Dealing with Negative Voices Part 1: Building Awareness

Dealing with Negative Voices Part 1: Building Awareness

We all have them: negative thoughts, that voice in the back of your head that says, “you are a terrible mom”, “you can’t do that”, “who do you think you are”, and on and on and on.  It chimes at us throughout the day creating doubt, anxiety, depression, insecurity and overall stuckness.
Experts disagree on where this voice comes from theories range from it is your ego, your lizard brain, your limiting beliefs, even your parents limiting beliefs.  You can call it your evil twin, gremlins, vampire, demons or as I like to say your monger.  Regardless of how you refer to it–it is THERE and bottom line it is NOT HELPFUL.  In fact, it is causing out and out damage.
A monger according to Merriam-Webster is:

 “something who attempts to stir up or spread something that is usually petty or discreditable”.

And pretty much that is what our mongers are doing trying to get us to believe something that isn’t 100% true.  It isn’t EVIL it isn’t out to get us it is just trying to make us believe something that isn’t 100% true.  We can give 1,000 reasons as to why it is doing this: to keep us safe, to protect us from danger, because our parents, teachers, relatives or friends told it to.  The WHY doesn’t really matter the point is that the monger acts out.
To be honest, most of us aren’t even aware of how much the monger is talking to us.  It can chat all day every day and many people are just unaware.  They know they are feeling more anxious or stressed but they are unaware that it is coming from an internal voice belittling, name calling and being plain nasty.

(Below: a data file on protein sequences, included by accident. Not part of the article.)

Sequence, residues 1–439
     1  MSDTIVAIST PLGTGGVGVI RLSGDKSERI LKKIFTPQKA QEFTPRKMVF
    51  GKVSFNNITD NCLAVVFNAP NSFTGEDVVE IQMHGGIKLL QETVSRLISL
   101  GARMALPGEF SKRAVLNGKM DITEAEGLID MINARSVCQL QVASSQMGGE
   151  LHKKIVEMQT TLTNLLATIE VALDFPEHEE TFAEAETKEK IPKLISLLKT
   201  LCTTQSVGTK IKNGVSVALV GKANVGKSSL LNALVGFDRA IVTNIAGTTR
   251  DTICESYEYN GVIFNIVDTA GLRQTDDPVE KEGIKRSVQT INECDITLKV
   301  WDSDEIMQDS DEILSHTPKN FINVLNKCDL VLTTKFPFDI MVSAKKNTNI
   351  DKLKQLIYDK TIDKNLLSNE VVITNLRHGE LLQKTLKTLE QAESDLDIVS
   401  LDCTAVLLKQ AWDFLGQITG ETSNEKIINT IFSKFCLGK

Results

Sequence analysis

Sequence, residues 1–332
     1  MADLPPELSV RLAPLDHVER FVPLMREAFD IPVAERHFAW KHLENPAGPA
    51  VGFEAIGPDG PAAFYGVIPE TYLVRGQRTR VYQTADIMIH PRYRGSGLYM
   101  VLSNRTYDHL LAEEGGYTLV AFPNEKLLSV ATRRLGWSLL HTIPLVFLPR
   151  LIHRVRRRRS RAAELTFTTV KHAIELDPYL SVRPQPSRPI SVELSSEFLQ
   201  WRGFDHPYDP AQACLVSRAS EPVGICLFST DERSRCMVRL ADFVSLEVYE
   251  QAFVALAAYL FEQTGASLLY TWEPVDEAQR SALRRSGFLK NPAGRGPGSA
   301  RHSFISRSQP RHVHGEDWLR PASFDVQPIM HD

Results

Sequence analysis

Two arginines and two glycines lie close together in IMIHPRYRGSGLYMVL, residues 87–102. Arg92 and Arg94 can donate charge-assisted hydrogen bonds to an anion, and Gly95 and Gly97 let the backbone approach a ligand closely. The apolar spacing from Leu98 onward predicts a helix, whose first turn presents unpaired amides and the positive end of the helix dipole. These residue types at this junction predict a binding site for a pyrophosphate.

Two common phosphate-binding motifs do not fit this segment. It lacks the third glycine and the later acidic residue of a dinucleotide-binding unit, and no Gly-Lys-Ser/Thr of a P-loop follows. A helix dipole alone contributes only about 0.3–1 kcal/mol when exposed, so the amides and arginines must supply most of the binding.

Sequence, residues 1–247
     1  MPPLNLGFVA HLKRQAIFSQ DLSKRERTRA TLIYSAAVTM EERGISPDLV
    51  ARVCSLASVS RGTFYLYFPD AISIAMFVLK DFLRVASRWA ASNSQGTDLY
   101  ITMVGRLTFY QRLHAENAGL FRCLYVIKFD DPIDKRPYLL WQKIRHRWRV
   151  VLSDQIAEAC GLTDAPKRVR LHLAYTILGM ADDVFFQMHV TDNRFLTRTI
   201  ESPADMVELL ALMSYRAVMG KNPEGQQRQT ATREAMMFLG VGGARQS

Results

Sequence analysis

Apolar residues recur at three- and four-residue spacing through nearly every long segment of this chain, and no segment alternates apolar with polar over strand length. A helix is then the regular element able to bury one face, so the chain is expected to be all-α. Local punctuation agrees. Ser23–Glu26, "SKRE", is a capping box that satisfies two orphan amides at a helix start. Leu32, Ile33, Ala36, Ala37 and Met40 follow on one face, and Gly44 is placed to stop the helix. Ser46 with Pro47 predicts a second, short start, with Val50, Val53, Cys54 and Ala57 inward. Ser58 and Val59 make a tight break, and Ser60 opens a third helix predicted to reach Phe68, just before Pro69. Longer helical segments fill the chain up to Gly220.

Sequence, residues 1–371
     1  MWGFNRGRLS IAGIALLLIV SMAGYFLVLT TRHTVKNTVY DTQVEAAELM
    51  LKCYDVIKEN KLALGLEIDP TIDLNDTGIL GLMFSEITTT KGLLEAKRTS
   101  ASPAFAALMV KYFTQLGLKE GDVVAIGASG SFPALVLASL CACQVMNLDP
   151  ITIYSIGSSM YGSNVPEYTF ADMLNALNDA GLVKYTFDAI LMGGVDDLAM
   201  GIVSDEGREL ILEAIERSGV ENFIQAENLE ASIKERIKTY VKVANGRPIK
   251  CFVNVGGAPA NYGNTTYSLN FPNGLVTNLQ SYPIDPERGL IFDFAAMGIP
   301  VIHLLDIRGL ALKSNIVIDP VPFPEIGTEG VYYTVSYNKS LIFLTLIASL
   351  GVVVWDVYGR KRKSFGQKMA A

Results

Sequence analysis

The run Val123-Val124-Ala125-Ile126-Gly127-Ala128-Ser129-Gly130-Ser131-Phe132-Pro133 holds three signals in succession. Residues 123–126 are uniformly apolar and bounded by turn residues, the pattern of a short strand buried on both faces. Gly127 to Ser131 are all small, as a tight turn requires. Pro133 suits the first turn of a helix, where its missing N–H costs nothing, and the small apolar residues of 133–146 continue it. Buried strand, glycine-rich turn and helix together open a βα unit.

People aren’t immune to the monger they are just unaware.
Here are some scenarios in which the monger tends to get chatty:
Scenario 1: You are taking a risk trying a new task.  It is stressful and challenging and before you know it you have quit mid-stream to grab a drink, take a nap, or eat a bag of cookies. What really happened:  The whole time you were working on the task,  your monger was talking to you, telling you how much you sucked and how you will fail. You didn’t necessarily hear the monger but you got so discouraged, exhausted and scared that you gave up and went to soothe yourself. 
Scenario 2: You are driving home, listening to music feeling pretty good and by the time you get home you are pissed off and angry so you scream at your kids and pick on your partner the rest of the night. What really happened:  The monger was talking to you the whole time you were driving, telling you how worthless you are and what a failure your day was.  Again, you didn’t hear the monger but in the process he/she created  anxiety and insecurity which you then went home and took out on your kids.
As a rule your monger tends to get chatty when you are alone and not distracted and when you are trying something new. But it can chat all day every day if it wants to.
The key is for you to pay attention to:

  • What does your mongers voice sound like? Mean, scared, evil, belittling, passive aggressive
  • When does your monger get chatty?
  • What is your reaction when you monger is chatty? Eating, drinking, shopping, watching TV, taking a nap, or working even harder–to name a few

Tomorrow we will talk about next steps after you have gotten more aware of your monger.
Until then, remember, your monger is not to be feared or hated.  It is a part of you and its power can be diminished.
How does your monger talk to you?  What things tend to set it loose?